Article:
A security slip-up with a home security camera sounds absurd to say the least, but occasional reports of such happenings suggest the matter needs to be taken extremely seriously when it occurs.
An odd story out of the U.K. this week explains how a woman with such a camera started receiving live footage to her smartphone. But it wasn’t from her camera.
Instead of showing the interior of her home, the woman, Louisa Lewis, found herself looking at a family she didn’t know, in a kitchen she didn’t recognize. The voice of a child could also be heard off-camera, the BBC reported.
Lewis owns the Swann Smart Security Camera, a compact, wireless device for both indoor and outdoor use.
She said she’d been using the camera since last year and had had no issues with it until last weekend. According to Lewis, she was out of her home when she received an alert from the camera to her phone, suggesting the device’s motion sensor had been triggered.
She immediately realized the footage streaming to her phone wasn’t of her home and instead showed what appeared to be a family in their kitchen. She assumed it was a technical error and thought she could ignore it. But then several more alerts came through showing video of the same location.
Lewis contacted Swann to explain what was happening, but the company reportedly took two days before the erroneous streams were stopped.
Swann: “Human error”
A Swann spokeswoman told the BBC the issue was caused because two cameras had been made with the same “bank-grade security key, which secures all communications with its owner,” something the spokeswoman put down to “human error.”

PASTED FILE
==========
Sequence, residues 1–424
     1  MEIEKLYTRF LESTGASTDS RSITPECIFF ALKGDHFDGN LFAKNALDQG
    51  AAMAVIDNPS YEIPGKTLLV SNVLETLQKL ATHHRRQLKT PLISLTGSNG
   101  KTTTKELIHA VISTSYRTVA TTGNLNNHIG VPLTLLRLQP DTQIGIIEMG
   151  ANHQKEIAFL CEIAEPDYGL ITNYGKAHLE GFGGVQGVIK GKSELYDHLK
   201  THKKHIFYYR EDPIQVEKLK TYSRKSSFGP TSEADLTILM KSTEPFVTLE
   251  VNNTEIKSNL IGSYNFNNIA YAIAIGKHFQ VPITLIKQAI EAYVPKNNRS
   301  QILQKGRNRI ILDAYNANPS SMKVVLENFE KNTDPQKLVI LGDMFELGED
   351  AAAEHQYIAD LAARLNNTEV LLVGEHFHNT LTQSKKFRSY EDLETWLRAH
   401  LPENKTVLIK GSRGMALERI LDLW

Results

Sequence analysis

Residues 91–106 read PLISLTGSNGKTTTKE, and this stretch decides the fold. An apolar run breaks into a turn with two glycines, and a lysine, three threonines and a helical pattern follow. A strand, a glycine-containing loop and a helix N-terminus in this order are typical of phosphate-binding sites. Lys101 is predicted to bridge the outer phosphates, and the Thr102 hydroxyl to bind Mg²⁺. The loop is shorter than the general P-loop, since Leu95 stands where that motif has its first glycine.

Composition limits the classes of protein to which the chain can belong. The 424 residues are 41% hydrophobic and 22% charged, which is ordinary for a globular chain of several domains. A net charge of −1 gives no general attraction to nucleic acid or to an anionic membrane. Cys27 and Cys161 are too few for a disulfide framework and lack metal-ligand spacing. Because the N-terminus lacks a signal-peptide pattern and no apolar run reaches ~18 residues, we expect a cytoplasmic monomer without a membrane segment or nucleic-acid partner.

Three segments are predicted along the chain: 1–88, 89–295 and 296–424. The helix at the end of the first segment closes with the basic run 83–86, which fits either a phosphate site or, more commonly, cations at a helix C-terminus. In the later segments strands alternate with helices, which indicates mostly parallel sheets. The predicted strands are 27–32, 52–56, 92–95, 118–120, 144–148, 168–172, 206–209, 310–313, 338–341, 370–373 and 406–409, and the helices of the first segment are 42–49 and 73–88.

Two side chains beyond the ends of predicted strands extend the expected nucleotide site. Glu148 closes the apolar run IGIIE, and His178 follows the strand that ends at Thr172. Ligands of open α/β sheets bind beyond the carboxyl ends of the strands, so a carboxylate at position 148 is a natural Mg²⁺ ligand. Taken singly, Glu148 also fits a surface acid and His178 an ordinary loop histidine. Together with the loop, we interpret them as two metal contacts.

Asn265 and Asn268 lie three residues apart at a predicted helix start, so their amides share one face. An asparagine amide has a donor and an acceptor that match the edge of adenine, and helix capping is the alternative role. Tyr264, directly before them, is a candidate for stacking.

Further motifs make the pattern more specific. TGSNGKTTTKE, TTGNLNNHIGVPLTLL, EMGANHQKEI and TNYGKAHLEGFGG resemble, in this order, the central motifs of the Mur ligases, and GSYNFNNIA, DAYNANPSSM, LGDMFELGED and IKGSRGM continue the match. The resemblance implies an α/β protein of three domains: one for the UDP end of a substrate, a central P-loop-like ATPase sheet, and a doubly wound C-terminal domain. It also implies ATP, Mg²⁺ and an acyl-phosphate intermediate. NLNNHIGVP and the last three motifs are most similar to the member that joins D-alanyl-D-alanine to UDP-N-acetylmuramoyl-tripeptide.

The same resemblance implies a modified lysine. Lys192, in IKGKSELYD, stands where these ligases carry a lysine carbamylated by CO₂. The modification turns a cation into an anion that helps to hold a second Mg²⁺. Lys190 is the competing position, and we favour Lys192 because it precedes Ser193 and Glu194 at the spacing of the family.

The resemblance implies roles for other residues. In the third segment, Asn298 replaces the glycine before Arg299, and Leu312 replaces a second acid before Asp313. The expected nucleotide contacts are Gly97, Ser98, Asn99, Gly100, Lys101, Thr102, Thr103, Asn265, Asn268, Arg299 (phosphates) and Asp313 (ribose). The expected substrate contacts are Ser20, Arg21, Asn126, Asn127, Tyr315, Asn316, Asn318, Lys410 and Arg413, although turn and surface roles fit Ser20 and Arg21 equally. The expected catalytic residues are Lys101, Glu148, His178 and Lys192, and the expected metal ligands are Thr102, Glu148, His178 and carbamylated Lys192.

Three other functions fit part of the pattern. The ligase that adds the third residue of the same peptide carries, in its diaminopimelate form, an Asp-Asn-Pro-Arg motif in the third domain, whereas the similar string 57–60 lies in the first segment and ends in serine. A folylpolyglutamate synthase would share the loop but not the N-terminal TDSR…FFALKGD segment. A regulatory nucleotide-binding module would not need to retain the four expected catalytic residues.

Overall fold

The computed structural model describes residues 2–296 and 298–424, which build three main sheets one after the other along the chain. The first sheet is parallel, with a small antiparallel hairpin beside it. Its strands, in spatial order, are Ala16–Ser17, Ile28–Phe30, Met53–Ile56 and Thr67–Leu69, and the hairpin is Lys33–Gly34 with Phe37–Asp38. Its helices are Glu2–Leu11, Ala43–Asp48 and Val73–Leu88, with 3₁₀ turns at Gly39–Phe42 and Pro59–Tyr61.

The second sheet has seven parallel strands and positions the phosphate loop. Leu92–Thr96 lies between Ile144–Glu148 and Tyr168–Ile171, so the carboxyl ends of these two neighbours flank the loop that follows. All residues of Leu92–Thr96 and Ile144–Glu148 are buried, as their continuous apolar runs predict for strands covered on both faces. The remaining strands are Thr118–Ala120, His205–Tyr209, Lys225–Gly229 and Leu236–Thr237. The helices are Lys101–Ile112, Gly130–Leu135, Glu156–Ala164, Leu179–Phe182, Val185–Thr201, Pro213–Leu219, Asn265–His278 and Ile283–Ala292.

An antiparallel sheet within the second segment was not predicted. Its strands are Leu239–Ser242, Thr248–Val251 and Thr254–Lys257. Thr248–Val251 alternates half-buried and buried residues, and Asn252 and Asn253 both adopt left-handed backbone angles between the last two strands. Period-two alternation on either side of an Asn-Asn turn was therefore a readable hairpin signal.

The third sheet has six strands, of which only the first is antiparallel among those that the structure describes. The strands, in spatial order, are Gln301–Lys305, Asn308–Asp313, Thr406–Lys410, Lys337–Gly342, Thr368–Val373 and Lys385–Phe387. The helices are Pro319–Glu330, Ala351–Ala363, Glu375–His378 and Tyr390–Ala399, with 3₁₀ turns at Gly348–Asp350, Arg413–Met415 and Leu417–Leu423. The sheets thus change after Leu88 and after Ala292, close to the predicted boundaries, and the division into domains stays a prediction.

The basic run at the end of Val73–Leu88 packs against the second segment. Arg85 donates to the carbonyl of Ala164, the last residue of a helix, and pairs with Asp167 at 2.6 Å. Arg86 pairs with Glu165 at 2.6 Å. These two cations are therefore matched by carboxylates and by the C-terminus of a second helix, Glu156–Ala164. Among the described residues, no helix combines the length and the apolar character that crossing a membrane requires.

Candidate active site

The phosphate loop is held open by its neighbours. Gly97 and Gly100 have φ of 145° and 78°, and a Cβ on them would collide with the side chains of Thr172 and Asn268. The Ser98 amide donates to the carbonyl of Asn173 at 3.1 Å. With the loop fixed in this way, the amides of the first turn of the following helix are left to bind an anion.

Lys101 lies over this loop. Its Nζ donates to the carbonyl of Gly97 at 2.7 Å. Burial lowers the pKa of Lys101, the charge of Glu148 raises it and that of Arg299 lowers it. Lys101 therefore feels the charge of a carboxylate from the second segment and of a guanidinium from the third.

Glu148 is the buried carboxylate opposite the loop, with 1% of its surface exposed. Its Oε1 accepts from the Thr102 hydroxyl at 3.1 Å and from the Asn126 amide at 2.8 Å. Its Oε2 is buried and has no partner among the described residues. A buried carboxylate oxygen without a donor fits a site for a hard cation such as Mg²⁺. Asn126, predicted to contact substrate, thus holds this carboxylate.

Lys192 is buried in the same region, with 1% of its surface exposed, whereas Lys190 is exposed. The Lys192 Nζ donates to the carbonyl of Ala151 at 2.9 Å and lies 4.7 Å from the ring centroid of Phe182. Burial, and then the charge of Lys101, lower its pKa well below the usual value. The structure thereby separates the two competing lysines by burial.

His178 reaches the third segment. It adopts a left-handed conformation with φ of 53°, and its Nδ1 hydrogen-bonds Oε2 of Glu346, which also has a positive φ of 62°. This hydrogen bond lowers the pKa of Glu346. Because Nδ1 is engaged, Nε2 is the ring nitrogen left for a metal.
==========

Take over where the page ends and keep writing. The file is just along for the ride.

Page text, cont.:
She said it happened “after the [family] connected the duplicate camera to their network and ignored the warning prompt that notified: ‘Camera is already paired to an account,’ and left the camera running.”
The spokeswoman expressed regret that the matter hadn’t been dealt with more quickly, and said changes had been made for any future cases.
But most concerning of all, Swann said it was yet to identify the family so it could inform them of what had happened.
Swann has been in the business of security monitoring for 30 years and now runs a global operation. Its website features a large range of security systems alongside a slogan that says, “Security made smarter.”
The company called the incident a “one-off,” but the BBC’s report notes a similar episode just last month when another owner of a Swann camera received footage from a pub that happened to be a short drive away. The recipient of the video told the pub owner about what had happened. Swann put the error down to both users registering their products with identical usernames and passwords, though the report claimed this not to be the case.
While we’ve heard in the past of smart monitoring devices being hacked, incidents where the feed simply turns up on the wrong device seem rare. We’ve reached out to Swann to ask it what action it’s taking to prevent it from happening again and will update when we hear back.
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